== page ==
A former co-worker is setting up his business and going through the LLC, Naming, and Logo process, and I offered him some information based on my experience. I’ll present it here more organized.
I’m no designer, but I separate the logo into three things:
I chose to make the colors represent something for Upper Cut. I also wanted to choose colors that would go together well and look good when converted to grayscale and black-and-white. I also wanted to reduce the use of colors to minimize printing costs when I order business cards, brochures, and other materials. A simple color scheme that is clean and clear is also visible from a distance.
The Image part of the logo is the iconic representation of your company that someday will become recognizable by everyone on the planet, and it doesn’t usually have letters on it. The NIKE Swoosh is recognizable without the word NIKE below it, same for the IZOD alligator.
This is the part of the logo that actually displays the name of the company. Most of the time this isn’t just the company name in Arial (please, fontgods, no!) – it has artistic elements. The z in amazon.com has curves up on the bottom to allow for the arrow.
Microsoft nudges the o and the s together with a bit of a cutout wedge
This is probably the most famous treatment of text.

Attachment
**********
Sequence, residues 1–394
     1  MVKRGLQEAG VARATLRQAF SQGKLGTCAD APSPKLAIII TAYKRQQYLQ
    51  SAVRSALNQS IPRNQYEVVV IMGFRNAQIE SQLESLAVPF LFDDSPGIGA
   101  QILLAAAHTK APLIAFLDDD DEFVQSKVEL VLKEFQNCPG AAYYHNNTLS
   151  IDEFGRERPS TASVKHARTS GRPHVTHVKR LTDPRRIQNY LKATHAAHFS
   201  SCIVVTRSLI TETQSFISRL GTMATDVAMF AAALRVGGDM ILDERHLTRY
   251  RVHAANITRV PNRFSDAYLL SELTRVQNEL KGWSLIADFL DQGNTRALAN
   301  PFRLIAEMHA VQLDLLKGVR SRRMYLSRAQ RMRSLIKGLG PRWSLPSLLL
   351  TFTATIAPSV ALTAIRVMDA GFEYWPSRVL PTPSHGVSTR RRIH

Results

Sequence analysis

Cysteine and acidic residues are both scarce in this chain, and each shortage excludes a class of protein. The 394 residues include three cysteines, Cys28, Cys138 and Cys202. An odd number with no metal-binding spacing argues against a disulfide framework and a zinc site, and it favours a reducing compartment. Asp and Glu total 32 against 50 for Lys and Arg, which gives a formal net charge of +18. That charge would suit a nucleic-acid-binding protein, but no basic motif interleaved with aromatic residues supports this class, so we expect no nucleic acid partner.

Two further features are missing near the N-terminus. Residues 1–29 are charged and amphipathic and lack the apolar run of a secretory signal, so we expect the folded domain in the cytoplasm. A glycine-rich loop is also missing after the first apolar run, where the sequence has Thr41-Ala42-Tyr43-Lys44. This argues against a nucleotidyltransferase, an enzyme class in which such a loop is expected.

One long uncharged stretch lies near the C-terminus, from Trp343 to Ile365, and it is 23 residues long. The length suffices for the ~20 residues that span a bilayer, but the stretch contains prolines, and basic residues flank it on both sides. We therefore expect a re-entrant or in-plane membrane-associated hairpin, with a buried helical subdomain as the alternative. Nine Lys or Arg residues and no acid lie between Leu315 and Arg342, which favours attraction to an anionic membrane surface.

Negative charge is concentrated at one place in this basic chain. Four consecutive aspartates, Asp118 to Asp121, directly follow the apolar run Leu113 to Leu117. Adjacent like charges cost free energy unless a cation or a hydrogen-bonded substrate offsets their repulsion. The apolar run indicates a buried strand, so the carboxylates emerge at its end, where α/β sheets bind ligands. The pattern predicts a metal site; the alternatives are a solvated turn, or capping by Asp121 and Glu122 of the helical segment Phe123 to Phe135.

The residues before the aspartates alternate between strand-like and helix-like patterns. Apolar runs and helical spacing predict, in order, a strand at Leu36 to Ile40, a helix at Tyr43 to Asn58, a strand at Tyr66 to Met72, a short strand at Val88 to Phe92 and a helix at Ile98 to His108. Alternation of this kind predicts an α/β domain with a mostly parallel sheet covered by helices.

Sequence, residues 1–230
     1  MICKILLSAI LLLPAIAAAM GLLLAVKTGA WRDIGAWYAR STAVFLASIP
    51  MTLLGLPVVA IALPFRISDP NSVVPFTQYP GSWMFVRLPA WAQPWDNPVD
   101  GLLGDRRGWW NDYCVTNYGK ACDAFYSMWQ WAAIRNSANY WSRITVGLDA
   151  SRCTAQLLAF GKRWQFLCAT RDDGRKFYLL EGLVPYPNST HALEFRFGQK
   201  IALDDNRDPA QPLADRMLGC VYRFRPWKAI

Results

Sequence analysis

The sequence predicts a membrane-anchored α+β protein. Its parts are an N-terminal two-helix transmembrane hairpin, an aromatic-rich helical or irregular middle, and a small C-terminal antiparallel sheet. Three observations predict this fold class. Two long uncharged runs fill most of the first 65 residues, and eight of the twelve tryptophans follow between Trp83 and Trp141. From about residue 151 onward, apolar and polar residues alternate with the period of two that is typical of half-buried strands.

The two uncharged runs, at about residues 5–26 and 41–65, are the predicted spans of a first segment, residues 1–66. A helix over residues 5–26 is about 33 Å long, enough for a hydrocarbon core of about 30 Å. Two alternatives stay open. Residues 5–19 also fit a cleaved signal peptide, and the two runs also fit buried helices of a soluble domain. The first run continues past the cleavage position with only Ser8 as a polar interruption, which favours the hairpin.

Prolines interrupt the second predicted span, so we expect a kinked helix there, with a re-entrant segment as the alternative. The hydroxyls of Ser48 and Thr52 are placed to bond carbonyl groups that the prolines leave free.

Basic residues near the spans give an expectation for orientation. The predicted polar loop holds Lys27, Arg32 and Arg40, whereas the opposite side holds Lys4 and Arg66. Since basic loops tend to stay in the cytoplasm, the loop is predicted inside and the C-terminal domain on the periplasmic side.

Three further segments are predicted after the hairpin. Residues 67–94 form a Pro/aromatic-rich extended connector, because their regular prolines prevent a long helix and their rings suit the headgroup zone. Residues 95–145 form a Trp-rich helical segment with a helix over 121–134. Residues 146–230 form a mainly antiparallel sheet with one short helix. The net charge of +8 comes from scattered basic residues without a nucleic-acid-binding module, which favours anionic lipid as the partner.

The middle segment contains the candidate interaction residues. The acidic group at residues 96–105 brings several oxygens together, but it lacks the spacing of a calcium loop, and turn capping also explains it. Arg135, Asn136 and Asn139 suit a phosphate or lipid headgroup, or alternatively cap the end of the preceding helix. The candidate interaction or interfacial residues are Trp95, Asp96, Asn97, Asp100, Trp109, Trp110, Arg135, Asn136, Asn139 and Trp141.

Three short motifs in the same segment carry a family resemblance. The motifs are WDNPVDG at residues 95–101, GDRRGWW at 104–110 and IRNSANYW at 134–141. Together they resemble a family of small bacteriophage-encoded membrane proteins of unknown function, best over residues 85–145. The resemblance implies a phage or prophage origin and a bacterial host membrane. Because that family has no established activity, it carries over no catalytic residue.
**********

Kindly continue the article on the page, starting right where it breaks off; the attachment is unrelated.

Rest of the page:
Composing the Image + Logotype
I think it is important for the Image and the Logotype to not overlap. This way they stand on their own and can be used separately. You should also make sure your Image + Logotype can be arranged in different ways for different uses. A horizontal and vertical arrangement are usually enough.
You’ll want to make sure when you use an external designer that you get all the elements handed over in the right formats. Usually Adobe Illustrator and high-resolution PNG files are best. If your designer used a special font, they probably can’t give that font to you, because they’ve licensed it for their own use. Get them to tell you what the font is and where they licensed it, so that you have the option of licensing it yourself for use on your materials.
Make sure when you pay the designer that they transfer the full copyright of the logo to your company. This way your company owns the logo and can modify it or use it in any way. Designers usually retain the right to display your logo in their portfolio.